Orthorexic eating behaviors related to exercise addiction and internal motivations in a sample of university students

  • Crystal D. Oberle
  • Ryan S. Watkins
  • Andrew J. Burkot
Original Article
Part of the following topical collections:
  1. Orthorexia Nervosa

Abstract

Purpose

This research explored the exercise tendencies and motivations of individuals varying in orthorexia symptomatology.

Method

Participants were 411 university students, who completed the Eating Habits Questionnaire alongside measures of exercise activity and addiction in Study 1 (a modified version of the Leisure-Time Exercise Questionnaire, the Exercise Addiction Inventory, and the Compulsive Exercise Test) and various exercise motivations in Study 2 (the Behavioural Regulations in Exercise Questionnaire and the Exercise Motivations Inventory-2).

Results

Orthorexia symptomatology was positively correlated with aerobic and strength-training exercise levels; all measures of exercise addiction; all measures of internal exercise motivation; and nearly all measures of exercise motivation for the purposes of psychological, social, health, and body improvement. Symptomatology was not significantly related to either measure that specifically assessed external motivation to exercise.

Conclusion

Individuals high in orthorexia symptomatology are internally driven to exercise for the purposes of improving their physical and mental health, but these strong motivations also lead to exercise addiction characterized by a compulsive need to follow a rigid schedule of intensive exercise even in the face of injury, illness, or other problems.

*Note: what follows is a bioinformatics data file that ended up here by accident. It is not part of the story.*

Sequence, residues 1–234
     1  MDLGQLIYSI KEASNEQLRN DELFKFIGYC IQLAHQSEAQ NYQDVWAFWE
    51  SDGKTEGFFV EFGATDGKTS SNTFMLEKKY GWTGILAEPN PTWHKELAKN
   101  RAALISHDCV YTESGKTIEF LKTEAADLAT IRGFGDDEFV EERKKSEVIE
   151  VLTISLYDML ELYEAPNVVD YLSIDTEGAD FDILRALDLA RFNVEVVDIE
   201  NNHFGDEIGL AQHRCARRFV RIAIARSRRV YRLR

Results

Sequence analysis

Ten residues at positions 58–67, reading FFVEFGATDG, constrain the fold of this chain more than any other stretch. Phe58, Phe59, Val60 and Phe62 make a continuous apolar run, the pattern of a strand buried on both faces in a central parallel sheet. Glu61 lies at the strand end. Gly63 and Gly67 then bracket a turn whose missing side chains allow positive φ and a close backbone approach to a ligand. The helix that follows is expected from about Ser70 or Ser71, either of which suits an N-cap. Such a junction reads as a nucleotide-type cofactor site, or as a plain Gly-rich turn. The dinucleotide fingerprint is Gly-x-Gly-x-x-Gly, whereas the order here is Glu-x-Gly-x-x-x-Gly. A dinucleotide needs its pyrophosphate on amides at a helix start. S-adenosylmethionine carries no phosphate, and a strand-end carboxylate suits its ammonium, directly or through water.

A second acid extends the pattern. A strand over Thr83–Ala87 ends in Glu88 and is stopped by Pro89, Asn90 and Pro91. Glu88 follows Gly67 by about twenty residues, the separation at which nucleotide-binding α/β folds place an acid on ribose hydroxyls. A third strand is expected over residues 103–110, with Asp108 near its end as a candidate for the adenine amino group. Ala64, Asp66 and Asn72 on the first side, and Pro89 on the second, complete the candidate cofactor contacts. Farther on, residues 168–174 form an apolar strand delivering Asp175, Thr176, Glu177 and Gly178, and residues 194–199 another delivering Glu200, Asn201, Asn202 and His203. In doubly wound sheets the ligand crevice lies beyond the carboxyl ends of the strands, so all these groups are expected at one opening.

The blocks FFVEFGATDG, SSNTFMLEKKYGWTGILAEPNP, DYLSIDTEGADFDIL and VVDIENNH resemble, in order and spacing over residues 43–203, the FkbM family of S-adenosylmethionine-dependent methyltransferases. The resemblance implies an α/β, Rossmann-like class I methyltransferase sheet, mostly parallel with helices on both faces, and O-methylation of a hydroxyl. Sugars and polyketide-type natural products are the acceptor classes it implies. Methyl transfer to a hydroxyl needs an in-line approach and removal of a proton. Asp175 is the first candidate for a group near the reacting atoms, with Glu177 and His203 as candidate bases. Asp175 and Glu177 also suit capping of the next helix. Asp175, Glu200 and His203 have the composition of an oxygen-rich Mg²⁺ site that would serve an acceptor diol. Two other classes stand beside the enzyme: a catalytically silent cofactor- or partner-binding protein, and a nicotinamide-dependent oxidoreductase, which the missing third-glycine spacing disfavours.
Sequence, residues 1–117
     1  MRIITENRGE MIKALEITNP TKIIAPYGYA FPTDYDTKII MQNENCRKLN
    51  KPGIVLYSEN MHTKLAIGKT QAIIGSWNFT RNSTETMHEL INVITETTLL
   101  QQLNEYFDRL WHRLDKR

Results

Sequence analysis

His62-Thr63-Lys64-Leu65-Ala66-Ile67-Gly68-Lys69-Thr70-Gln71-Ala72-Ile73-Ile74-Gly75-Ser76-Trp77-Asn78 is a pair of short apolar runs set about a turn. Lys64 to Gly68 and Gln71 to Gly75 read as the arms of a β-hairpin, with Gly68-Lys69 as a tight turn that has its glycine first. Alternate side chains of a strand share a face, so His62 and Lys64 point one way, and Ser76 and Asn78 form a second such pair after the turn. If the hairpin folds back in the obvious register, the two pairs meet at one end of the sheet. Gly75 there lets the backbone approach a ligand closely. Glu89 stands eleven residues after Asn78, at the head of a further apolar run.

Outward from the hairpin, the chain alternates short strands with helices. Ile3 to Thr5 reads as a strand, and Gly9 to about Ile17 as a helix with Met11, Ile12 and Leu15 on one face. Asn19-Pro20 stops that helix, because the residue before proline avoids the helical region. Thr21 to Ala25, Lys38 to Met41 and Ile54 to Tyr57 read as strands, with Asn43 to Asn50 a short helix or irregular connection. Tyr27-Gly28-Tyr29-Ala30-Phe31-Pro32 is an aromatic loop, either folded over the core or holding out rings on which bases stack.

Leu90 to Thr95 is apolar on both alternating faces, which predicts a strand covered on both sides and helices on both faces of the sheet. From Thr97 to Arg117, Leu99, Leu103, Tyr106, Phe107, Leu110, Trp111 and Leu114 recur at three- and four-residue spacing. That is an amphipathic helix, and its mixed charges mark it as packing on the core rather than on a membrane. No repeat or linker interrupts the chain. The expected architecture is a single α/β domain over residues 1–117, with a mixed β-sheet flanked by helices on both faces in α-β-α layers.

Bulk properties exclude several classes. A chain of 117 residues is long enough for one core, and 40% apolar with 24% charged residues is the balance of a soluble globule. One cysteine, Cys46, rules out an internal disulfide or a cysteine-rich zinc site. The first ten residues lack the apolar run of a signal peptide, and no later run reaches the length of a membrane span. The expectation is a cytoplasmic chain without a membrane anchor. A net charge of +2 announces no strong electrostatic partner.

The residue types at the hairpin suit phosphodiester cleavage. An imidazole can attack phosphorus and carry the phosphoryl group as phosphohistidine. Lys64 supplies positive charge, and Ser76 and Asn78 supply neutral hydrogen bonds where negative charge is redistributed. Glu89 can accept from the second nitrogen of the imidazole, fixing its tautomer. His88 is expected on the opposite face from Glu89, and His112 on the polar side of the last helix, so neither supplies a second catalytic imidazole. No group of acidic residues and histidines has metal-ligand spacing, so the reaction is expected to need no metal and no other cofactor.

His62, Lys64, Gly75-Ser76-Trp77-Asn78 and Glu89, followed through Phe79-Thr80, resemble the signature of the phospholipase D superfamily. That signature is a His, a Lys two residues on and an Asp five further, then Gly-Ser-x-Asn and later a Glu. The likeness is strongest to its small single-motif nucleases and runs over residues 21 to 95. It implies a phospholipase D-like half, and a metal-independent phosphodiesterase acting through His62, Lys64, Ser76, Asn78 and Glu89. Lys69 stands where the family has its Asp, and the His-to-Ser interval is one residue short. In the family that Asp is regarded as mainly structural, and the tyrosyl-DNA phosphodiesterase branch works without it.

Level of evidence

Level V, descriptive cross-sectional study.

Keywords

Orthorexia Exercise activity Exercise addiction Exercise motivation 

Notes

Compliance with ethical standards

Conflict of interest

The authors declare no conflict of interest.

Ethical approval

All procedures performed in studies involving human participants were in accordance with the ethical standards of the institutional and/or national research committee and with the 1964 Helsinki declaration and its later amendments or comparable ethical standards.

Informed consent

Informed consent was obtained from all individual participants included in the studies.

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Copyright information

© Springer International Publishing AG, part of Springer Nature 2017

Authors and Affiliations

  1. 1.Department of PsychologyTexas State UniversitySan MarcosUSA

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